Burnout is a buzzword that fails to carry the significance of the issue. We are great at raising the red flag, but solutions that help educators make significant changes are slow to come. Unfortunately, the pandemic compounded stress with the addition of compassion fatigue. While burnout occurs over time and is usually the result of work stressors like staff shortages or inadequate resources, compassion fatigue occurs when we exhaust our ability to empathize. The pandemic amplified these stressors and flipped the world upside down for educators. …Read More

5 ways technology can help you combat teacher burnout

Teachers are balancing a lot every day, and that pressure has increased since the start of the pandemic. According to the National Education Association, 55 percent of the teachers in a recent poll said they “will leave teaching sooner than they had originally planned” and 90 percent of members who responded said “feeling burned out is a serious problem.”  

Finding ways to ease the stress experienced by teachers and prevent teacher burnout is critical to teacher morale and ultimately, student outcomes. While no one area alone can prevent teacher burnout, tools that are designed with teachers’ needs in mind can play a big role in supporting teachers and making their jobs less stressful.

This is where technology – and specifically the right technology – can make a huge difference in lessening workload, promoting more productive communication, and boosting morale. Choosing the right technology tools can help give teachers more time and support for doing what they love – teaching and impacting students.…Read More

How human connection calms teacher burnout

The power of human connection is a transformative element that is deeply wired into our collective DNA. With so many teachers experiencing burnout, I can’t help but recognize a strong link between human connection and the challenges facing teachers today.

Teachers care immensely for their students and cherish the in-person connection that exists in the classroom. But the stresses of the job are taking them away from connecting with students more meaningfully. Teachers feel exhausted and underappreciated, causing them to consider leaving their jobs altogether. A recent National Education Association survey found that “55% of educators are thinking about leaving the profession earlier than they had planned.”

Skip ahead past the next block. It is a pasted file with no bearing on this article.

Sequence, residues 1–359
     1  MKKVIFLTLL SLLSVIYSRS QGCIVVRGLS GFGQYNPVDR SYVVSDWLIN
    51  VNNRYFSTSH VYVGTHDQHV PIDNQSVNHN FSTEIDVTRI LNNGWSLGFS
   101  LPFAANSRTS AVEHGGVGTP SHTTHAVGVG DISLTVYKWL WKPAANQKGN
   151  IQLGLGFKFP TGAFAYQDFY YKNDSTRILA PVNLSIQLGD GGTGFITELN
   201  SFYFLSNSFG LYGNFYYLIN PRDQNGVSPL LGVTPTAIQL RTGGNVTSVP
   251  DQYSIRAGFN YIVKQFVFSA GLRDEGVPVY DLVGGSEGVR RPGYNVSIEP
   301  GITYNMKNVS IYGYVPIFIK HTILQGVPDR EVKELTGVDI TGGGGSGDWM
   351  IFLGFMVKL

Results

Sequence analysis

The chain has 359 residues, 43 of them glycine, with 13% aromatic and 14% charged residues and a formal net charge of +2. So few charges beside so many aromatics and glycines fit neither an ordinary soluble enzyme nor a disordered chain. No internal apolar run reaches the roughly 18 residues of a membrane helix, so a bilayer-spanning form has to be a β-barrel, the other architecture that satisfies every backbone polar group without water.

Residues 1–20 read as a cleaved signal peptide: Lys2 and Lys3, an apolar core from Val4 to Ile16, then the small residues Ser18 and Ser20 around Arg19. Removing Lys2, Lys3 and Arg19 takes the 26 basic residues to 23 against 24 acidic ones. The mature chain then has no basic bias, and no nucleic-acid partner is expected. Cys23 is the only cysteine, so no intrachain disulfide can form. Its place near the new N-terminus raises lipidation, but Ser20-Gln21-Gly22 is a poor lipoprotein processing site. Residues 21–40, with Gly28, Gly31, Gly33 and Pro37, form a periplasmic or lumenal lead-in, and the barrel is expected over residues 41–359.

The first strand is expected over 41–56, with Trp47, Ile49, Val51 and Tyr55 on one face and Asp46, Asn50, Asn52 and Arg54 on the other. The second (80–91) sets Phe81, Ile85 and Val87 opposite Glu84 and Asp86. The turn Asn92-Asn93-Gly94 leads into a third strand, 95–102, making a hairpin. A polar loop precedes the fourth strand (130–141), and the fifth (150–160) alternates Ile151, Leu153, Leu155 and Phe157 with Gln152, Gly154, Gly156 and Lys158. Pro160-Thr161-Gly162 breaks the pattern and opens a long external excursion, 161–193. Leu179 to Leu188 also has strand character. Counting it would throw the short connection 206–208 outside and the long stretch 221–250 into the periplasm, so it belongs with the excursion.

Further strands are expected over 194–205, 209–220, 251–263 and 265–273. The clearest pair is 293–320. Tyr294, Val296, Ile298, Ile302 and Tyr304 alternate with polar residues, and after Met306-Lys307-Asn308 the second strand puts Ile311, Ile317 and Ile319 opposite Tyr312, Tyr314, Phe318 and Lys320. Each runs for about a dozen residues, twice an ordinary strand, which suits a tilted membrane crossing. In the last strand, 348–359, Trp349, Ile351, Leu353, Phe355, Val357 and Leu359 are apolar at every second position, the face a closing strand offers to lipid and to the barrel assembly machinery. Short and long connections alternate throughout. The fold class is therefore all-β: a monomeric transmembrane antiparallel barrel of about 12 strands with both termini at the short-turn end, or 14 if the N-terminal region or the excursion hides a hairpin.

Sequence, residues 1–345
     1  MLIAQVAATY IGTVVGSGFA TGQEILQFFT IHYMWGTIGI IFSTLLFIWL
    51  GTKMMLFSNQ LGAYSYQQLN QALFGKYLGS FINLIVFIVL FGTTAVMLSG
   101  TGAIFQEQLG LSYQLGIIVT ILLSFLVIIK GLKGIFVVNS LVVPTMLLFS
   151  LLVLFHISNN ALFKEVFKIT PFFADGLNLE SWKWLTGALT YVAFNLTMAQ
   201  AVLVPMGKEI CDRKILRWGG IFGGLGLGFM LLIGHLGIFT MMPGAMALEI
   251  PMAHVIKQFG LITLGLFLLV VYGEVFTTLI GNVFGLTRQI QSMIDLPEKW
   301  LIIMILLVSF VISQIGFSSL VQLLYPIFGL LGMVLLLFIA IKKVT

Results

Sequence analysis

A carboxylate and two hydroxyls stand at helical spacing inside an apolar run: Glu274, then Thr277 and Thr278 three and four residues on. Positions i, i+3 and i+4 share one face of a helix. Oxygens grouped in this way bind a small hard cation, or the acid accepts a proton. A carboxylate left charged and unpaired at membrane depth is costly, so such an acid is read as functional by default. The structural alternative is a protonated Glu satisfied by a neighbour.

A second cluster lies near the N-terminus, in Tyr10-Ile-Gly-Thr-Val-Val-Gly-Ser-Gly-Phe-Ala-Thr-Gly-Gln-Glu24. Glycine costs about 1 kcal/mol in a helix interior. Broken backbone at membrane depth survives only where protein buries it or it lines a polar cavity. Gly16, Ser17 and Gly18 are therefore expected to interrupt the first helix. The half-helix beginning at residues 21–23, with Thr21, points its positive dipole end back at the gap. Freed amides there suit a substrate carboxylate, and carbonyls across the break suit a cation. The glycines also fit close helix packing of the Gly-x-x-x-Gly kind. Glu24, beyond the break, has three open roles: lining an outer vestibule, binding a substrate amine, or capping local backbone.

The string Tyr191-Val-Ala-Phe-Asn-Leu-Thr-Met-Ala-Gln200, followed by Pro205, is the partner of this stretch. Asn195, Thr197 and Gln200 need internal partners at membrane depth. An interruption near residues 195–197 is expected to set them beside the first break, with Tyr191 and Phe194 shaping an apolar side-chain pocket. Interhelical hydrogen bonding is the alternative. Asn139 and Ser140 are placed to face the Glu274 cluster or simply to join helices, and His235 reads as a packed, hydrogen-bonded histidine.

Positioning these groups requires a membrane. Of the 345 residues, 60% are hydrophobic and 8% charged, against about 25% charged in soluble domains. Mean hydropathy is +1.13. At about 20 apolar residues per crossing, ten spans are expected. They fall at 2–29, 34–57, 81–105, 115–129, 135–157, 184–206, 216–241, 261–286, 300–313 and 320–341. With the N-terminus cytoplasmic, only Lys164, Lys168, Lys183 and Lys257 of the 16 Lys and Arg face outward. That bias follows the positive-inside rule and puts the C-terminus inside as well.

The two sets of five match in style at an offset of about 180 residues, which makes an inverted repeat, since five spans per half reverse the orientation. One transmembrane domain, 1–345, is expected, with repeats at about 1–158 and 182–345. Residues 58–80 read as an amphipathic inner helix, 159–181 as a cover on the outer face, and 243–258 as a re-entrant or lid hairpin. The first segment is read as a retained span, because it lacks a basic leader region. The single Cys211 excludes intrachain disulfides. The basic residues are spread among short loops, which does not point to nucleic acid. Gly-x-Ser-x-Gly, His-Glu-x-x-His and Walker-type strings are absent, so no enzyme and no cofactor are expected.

While the NEA survey identifies staffing shortages and emotional fatigue as contributing factors, it also mentions that educators are requesting more mental support for their students than is presently available.…Read More

This app is designed to reduce job burnout—and it’s free for educators

An app that focuses on wellbeing exercises to reduce stress is being offered free

burnout-appApp maker Stress Refuge is launching DeStressify, an app that helps people with overwhelmed, busy lives achieve “mental, emotional, and physical wellbeing,” free for anyone employed by a school district, school, or other educational organization.

“Teachers play an enormous role in shaping our future generations, and it’s a stressful job,” said Theresa Fox, president and CEO of DeStressify. “That’s why we decided to give this app to educators at no charge; to help them better manage their stress, and in turn, their classrooms.”

In its promotional materials, the company references a Gallup State of America’s Schools report that found nearly half of all K-12 teachers reported daily stress.…Read More